Environmental Taxes in the Uk

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Environmental Taxes in the UK|
BEA2002 Group Report Assignment|
Ben Dance, Liwei Rao, Qi Gao, Nellie Ho and Ahmed Mujtaba|

1. Introduction
1.0 We have been commissioned by the government to write a report on how the current UK tax system encourages taxpayers to behave in an environmentally friendly manner. In the first part of the report we will look at three elements of the UK system and outline how they encourage environmentally friendly behaviour and in the second part we will compare these elements to measures in place in Sweden. 2. Key Elements of the UK Tax System

2.1 Climate Change Levy
2.1.1CCL is a tax on the supply of energy to businesses in the commercial, agricultural and industrial sectors. The tax, introduced in April 2001, works by charging for each unit of energy used therefore the more energy used the more tax a business has to pay. It’s an arbitrary way of trying to get businesses to reduce the energy they use and the emissions they produce. The charge per unit of energy varies depending on the commodity used and the pollution that the commodity produces. For example, electricity has a higher rate of charge (0.509 pence per kilowatt hour) compared to gas (0.177 pence per kilowatt hour) because it is more damaging to the environment (HMRC, 2013). 2.1.2 The government claims the CCL has had a significant impact on reducing the emissions produced by the UK. However, the House of Commons Environmental Audit Committee has an alternate view that the reductions are due to other measures already in place. They believe that the CCL rates are not significant enough to influence behaviour (CIOT, 2009). Another argument suggests that businesses are just passing on the tax by increasing their prices leaving the incidence of the tax with the consumers. If we look at the tax revenues from CCL, we can see that it has never reached its annual target of £1 bn, suggesting the tax is ineffective (Annie Reece, 2012). 2.1.3 In support of the government claims, there is clear evidence that the annual emissions are on the down - carbon dioxide emissions have decreased by 15.9% from 1990 to 2010 (Department of Energy & Climate Change, 2013). It may not be clear whether this is down to CCL but you cannot argue that companies are now far more aware of their emissions. 2.2 Landfill Tax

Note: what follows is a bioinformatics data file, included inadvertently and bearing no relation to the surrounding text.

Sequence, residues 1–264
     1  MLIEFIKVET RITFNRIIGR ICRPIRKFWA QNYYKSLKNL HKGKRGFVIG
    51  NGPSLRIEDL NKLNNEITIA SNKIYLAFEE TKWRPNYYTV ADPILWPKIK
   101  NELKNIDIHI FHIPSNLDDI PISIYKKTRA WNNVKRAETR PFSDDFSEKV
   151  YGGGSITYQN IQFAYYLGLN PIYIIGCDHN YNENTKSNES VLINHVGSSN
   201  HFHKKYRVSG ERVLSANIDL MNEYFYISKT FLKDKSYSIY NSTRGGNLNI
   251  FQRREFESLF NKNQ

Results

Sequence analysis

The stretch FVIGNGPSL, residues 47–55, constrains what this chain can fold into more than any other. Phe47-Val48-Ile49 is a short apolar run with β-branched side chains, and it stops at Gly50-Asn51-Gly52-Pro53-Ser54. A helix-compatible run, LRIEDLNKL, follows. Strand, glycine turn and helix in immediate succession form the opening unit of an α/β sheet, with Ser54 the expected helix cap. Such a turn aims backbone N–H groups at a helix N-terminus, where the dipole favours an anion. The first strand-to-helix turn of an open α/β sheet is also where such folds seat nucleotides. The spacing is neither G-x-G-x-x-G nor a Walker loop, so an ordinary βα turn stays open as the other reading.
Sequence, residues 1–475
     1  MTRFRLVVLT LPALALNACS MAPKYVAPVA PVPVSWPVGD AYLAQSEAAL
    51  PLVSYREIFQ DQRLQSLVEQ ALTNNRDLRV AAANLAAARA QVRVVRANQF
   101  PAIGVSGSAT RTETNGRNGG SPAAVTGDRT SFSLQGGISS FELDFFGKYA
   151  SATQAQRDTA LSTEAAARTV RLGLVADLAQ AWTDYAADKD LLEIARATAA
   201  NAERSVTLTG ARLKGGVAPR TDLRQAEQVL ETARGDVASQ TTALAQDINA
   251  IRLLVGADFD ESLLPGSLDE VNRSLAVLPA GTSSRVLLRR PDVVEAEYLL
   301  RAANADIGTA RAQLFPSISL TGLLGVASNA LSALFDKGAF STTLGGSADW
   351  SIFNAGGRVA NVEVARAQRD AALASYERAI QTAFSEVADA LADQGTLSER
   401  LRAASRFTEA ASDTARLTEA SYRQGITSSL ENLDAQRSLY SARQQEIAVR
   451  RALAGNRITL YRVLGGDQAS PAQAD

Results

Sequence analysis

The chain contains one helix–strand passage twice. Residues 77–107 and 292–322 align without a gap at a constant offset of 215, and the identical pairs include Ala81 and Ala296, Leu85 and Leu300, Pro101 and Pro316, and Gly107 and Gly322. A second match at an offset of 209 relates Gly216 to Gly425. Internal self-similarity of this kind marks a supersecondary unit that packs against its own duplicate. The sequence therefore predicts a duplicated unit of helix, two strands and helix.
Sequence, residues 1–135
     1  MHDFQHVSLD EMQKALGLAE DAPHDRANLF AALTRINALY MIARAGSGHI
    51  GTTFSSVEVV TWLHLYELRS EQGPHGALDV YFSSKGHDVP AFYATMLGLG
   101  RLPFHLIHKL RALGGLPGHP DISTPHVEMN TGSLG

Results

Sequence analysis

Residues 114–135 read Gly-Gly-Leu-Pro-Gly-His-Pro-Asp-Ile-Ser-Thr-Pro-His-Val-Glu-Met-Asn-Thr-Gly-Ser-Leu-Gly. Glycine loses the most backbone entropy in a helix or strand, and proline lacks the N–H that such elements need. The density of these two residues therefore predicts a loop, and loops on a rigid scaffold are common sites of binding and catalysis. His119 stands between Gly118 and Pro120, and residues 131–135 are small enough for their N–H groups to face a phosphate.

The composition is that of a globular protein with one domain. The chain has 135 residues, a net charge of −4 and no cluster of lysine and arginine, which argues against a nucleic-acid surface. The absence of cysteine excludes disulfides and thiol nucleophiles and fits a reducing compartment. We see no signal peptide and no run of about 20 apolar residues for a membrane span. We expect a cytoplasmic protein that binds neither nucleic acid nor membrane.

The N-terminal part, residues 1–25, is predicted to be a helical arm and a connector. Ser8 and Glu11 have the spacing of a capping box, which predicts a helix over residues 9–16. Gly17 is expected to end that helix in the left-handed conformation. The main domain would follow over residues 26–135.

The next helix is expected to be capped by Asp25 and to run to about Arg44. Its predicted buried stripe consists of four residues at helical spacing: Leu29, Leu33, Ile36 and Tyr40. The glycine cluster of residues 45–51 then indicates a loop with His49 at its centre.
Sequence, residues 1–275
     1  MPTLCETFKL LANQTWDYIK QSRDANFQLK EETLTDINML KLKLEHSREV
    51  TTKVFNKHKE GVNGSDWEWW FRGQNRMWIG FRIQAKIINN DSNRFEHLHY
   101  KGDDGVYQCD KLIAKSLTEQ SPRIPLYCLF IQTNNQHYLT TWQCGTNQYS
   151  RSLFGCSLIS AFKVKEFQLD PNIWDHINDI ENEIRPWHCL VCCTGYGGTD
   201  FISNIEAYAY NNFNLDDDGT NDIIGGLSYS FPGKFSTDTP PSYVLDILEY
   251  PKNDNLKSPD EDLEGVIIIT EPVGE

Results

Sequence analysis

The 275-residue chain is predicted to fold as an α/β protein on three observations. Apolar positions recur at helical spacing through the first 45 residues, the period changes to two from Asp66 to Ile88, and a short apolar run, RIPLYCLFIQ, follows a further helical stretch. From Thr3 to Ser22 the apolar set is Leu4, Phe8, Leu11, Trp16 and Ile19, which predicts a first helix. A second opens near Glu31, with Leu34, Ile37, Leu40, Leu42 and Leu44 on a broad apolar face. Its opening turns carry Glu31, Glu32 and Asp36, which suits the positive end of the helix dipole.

2.2.1 The UK government introduced the landfill tax in October 1996 in order to meet its obligations under the 1999 EU landfill directive. Before 1996, the municipal waste in UK was growing at an average rate of 3% per annum up to 21.63 million tonnes in 1995/96 (European Commission, 2001). However, even after this introduction the UK remained as one of the biggest producers of waste in Europe. To combat this, the Treasury implemented a radically increasing rate of landfill tax (CIOT, 2009). There are two types of landfill wastes which are taxed at two different rates. The first type is the normal (active) waste which is taxed at £64/tonne and will most likely rise to £80/tonne in 2014; the other type is known as inert waste, such as rock and bricks, which is taxed at £2.5/tonne. 2.2.2 The general incentive of the landfill tax is to encourage more sustainable waste management and to alter businesses and customers’ behaviour by producing less waste. However, the tax has not been as effective as expected. The disposal of inert waste has declined but the same cannot be said for active waste. A possible reason for this could be that, although the tax rate of inert waste is much lower than active in absolute value, it is higher in percentage value which means the tax burden on an inert waste producer is heavier than on an active waste producer (European Commission, 2001). Also, the active waste is more likely to be weighed at the disposal stage rather than collection stage, which may result in less incentive for individuals to reduce their waste. The revenue from the landfill tax is only a small proportion of the total tax revenue to...
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